20 February 2016
Hollywood Presbyterian Medical Center was hit by a ransomware attack around February 5th. At almost the same time some hospitals in Germany were hit by a similar attack.
In both cases the attack was initiated by emails with malicious attachments. In both cases the impact was nearly the same: Hospital operations came almost to halt. And in both cases the IT groups were able to prevent the worst by rapid and effective intervention.
IT operations, and thus medical operations, was massively hampered for some days because the malware rapidly changed its code. In such cases pattern based anti-malware systems have only a limited effect in recovery of IT operations.
From my point of view, an effective ISMS is the best way to deal with ransomware. And the way the IT groups dealt with the attack shows, that they have an ISMS or something similar implemented and practiced.
Hospitals are becoming increasingly dependent on a fully operational IT infrastructure. Even a shutdown of some days is hardly possible. Therefore, we need an entirely new approach for providing services to hospital staff.
Spear phishing attacks, drive-by downloads, java script attacks, etc. are omnipresent today. Thus computers are potentially compromised because they are connected to the internet. This holds even if the computers are operated inside a company network only.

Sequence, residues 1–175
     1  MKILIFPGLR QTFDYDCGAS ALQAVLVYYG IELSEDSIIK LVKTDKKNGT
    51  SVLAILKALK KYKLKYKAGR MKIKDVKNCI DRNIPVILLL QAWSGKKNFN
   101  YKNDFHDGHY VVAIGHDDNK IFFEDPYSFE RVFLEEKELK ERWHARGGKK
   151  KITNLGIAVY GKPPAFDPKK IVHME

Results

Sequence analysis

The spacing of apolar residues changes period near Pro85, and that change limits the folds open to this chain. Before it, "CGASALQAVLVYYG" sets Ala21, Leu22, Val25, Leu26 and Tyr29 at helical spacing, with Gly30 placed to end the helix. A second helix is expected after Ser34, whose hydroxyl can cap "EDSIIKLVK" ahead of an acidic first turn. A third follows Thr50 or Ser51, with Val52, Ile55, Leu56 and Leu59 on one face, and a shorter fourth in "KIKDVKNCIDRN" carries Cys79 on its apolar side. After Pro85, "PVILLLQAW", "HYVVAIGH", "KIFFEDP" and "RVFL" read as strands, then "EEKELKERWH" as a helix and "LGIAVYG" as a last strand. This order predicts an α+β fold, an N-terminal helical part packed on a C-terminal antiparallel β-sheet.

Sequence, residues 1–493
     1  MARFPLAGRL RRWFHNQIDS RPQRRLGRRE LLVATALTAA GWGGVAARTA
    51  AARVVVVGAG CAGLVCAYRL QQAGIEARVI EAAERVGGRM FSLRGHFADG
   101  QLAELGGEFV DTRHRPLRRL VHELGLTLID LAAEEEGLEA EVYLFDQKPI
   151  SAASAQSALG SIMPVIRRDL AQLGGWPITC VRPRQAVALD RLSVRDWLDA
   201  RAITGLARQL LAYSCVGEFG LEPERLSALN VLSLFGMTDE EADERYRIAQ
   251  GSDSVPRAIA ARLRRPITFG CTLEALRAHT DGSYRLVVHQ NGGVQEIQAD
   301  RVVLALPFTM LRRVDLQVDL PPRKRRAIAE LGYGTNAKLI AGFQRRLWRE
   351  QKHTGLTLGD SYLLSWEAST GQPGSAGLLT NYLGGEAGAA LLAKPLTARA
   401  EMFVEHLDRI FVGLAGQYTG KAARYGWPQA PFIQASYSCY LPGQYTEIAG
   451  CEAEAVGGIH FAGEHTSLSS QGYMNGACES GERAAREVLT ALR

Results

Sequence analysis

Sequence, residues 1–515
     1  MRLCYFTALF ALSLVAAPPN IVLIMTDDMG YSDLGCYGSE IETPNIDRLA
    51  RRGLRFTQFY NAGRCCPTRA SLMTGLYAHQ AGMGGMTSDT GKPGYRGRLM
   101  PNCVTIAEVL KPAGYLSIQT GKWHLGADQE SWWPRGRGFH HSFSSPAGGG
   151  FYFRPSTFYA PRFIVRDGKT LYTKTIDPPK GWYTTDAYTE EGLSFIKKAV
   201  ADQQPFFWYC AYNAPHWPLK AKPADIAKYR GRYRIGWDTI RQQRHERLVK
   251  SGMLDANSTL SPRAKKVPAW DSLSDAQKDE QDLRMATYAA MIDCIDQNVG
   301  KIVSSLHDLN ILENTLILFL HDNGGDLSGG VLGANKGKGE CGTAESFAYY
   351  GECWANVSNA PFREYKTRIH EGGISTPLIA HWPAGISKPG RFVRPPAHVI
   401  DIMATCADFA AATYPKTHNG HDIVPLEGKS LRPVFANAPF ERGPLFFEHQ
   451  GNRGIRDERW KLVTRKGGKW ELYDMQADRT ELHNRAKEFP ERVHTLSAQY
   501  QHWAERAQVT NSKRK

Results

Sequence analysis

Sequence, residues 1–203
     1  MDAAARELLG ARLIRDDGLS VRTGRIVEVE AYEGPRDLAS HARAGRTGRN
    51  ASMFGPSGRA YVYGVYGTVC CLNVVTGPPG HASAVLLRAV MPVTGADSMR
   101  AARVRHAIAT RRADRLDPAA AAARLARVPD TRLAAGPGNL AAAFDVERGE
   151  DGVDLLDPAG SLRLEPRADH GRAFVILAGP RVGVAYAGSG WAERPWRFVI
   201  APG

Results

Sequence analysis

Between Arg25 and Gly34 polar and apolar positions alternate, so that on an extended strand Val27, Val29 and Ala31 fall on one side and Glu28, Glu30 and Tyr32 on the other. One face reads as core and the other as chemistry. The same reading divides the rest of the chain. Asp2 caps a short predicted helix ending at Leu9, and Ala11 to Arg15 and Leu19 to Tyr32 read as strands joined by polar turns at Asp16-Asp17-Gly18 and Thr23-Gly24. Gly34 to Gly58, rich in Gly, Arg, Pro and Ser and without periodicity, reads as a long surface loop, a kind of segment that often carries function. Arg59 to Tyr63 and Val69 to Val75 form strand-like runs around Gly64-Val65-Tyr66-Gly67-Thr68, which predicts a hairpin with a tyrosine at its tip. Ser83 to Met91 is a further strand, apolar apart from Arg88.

The ‘trusted computer in a trusted company network’ paradigm is no longer relevant. A shift to the ‘zero trust’ paradigm is imperative to prevent unacceptable outtakes.
The good news is that the technology for implementation of a ‘zero trust’ paradigm is ready today:
The hospital IT systems are isolated in a Core Data Services Network (CDSN). Access to the CDSN is provided via virtual desktops. The Virtual Desktop Infrastructure (VDI) is hosted in the CDSN. Email- and internet access is blocked in the CDSN, as well as data exchange between the virtual desktops and the user workstations. Data exchange between the CDSN and the user workstations is controlled through secure gateways. Only the user workstations or smart devices have access to the internet and the company’s email system, which remains outside the CDSN.
This is just a blue print. With Software Defined Networking it’s easier to implement today.
The big advantage is that, even if a user’s workstation is compromised, the likelihood of an impact on the hospital’s IT systems and data in the CDSN is dramatically reduced. And recovery from an attack with ransomware is very easy: Run a fresh installation of Windows on the compromised computer. Sound’s easy, doesn’t it?
Have a good weekend.